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XSLTC To The Rescue
 

XSLTC To The Rescue

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    XSLTC To The Rescue XSLTC To The Rescue Presentation Transcript

    • Enterprise Architecture Implementation: Practical Steps Using Open Source Tools Marina Arseniev Enterprise Architect, Assistant Director Administrative Computing Services, UC Irvine [email_address]
    • Agenda
      • Challenges
      • Enterprise Architecture - An Overview
      • The desired result…
      • Practical Steps – how we got to where we are today…
        • Enterprise Architecture Framework: Zachman Framework
        • Modeling, Knowledge Base and Ontology Tool: Protégé
        • And more…
      • Results
    • UC Irvine Campus Overview
      • Year Founded:  1965
      • 2004 Enrollment:  24K students
      • Carnegie Classification:  Doctoral/Research – Extensive
      • Extramural Contracts & Grants Awarded:  $235M for 2002 – 2003
      • Significant enrollment growth expected
      • California State budget
      • Administrative systems must adapt
    • What is EA all about? A riddle!
      • If the bowling pins are the IT solutions you provide for your customers, what is the ball?
          • Hint: Objective is to knock down maximum pins with one ball...
      • Your IT organization a bowling alley?
    • Our Challenges
      • Hundreds of systems - IBM Mainframe, Solaris, Windows
        • CICS/Cobol, Powerbuilder, Web/Java Applications, Vendor packages
        • VSAM, DB2, Oracle and Sybase
      • Lack of Real-time
        • Integration based on FTP = Time lags
        • Data inconsistency and quality issues = High technical and business labor costs for repair or reconciliation
      • Users use disparate systems, user interfaces = Training
      • New compliance regulations
      • Security threats
    • Our Challenges (cont’d)
      • Sophisticated business community that understands potential of technology to make serious business improvements.
        • Growing queue of projects.
      • Increasing complexity and technology choices for solutions.
        • Workflow, Imaging...
      • Complex project management became critical to mission
        • Project justification, selection, prioritization, sequencing
        • Extraction of common requirements for horizontal, reusable solutions
      • Enterprise Architecture (EA) Initiative identified
    • Our Challenges (cont’d)
      • IT department of 25 programmers
        • Mainframe programmers, Powerbuilder developers, Java/Web technologists, Database and System administrators.
      • Resources, competency, training, governance
      • Sound familiar?
    • UC Irvine’s EA Objectives
      • Improve Planning
        • Help make more informed IT decisions
      • Reduce Complexity
        • Lifecycle management - To establish a process that is focused on building, maintaining, acquiring, and retiring technology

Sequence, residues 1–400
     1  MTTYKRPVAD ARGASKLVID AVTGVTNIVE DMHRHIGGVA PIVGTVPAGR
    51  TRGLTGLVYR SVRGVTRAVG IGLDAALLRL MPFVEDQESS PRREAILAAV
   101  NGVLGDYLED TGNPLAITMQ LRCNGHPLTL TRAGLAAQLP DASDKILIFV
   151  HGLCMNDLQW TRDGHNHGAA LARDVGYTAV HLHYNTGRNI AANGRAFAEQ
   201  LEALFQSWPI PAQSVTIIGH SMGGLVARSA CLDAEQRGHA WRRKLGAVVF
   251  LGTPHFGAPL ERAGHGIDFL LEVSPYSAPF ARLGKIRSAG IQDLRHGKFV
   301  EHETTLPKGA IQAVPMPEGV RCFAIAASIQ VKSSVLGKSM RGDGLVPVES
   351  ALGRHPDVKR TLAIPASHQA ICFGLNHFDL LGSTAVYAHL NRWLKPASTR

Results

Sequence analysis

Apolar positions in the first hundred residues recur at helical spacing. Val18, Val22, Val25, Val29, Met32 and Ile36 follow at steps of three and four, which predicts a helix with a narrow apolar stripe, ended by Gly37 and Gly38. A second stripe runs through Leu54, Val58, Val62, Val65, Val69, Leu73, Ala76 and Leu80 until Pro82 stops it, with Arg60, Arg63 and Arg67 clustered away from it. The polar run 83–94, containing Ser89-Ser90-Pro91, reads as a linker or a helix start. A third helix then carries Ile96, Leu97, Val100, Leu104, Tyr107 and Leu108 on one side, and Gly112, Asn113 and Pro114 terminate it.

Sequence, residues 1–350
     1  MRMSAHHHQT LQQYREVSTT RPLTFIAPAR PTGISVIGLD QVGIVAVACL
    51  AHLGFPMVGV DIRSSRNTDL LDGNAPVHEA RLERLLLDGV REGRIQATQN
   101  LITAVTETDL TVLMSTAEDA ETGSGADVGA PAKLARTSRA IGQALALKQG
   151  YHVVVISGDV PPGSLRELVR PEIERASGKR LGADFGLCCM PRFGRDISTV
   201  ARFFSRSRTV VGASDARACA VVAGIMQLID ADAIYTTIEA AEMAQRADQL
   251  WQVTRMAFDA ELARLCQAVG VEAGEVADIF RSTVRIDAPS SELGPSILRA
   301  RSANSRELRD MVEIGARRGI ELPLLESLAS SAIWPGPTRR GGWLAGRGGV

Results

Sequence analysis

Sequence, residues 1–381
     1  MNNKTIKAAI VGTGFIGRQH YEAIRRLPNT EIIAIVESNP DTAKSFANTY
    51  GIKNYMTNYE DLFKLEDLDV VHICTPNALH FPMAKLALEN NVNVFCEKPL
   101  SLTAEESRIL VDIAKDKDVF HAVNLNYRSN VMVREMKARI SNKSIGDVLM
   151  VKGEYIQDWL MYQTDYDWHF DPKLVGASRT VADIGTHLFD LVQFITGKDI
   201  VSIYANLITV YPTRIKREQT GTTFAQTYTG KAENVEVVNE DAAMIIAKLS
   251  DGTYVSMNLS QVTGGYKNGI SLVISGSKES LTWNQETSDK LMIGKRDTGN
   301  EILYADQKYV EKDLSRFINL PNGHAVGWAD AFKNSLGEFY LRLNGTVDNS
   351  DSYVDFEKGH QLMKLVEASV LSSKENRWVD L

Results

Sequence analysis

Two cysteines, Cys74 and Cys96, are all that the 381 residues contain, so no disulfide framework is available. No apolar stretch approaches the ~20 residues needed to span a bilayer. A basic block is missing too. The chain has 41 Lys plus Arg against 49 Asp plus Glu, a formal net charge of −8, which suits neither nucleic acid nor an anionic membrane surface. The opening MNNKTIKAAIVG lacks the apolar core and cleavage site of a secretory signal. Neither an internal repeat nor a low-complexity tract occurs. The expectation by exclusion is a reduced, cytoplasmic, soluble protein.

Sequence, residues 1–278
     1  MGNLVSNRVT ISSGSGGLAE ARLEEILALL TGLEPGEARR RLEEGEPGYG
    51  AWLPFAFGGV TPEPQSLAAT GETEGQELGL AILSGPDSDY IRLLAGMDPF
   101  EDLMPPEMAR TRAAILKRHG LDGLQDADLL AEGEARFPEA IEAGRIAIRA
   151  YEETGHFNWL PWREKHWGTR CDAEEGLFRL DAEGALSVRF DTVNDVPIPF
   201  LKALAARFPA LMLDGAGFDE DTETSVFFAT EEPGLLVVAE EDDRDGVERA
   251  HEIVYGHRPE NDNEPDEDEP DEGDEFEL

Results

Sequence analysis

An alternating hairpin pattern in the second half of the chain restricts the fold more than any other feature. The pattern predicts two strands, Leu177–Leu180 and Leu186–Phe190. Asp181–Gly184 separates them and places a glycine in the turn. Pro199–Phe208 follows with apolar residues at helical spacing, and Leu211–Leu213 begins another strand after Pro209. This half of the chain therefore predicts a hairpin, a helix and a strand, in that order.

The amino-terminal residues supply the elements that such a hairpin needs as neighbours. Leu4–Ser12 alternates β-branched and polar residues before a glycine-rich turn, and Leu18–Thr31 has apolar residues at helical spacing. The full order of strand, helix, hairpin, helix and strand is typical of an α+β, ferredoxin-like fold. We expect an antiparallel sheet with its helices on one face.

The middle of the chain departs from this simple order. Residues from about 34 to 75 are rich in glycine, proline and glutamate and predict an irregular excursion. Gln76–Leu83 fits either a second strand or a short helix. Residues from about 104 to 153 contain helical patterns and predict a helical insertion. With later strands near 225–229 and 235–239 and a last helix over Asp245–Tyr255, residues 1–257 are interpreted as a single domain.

• Improve IT to Business alignment
        • Facilitate the adaptation of technology to changing business needs and pressures in campus administration
        • Which technology solutions solve which business needs, and how?
    • Overview: What is EA?
      • A blueprint of an organization to analyze and plan changes.
      • The structure of (Enterprise) components, relationships, and principles and guidelines governing their evolution over time.
      • A strategic asset repository which defines the current and target architecture environments.
    • Overview: What is EA?
      • New application?
      • What do we have already in place?
      • Impact?
    • Enterprise Architecture at UC Irvine
      • Desired result…
        • “ Perfect” world...
        • goals articulated
        • roadmap, projects linked
        • technology linked
        • change strategy
      • Irvine’s model
        • Based on Zachman Framework
    •  
    • EA Planning Consists of
      • A standard methodology or framework
      • A model
      • A repository of knowledge (populated model)
      • A change management process
        • Business needs define application and required infrastructure change
        • Project-oriented approach to EA
        • Projects = Change
    • What is EA Planning all about?
      • If the bowling pins are the IT solutions you provide for your customers, what is the ball?
      • The ball is the project(s) that you pick strategically and organize into a roadmap for change!
      • Objective is to knock down maximum pins with one ball...
      • Before you can do that, you must understand your EA - business processes, information/data, and technology.
      • How?
    • Steps to start with EA
      • 1: Create a list of specific questions, focusing on critical areas.
      • 2: Identify senior technical and business people to gather knowledge from; their roles and responsibilities in the EA process.
      • 3: Develop change impact analysis methodology
      • 4: Choose an Enterprise Architecture Framework
    • Steps to start with EA
      • 5: Choose a tool to model and populate Enterprise Architecture Asset Repository
        • Goal: easily accessible and maintainable repository
      • 6: Plan communication methods
      • 7: Document Technical Reference Architecture
        • Principles, standards, and governance
      • 8: Enforce architectural control
        • Choose key technologies and standardize. Constrain new development.
    • The step that never ends…
      • Step 9: Incremental EA model development and population
      • Create and populate model as defined by questions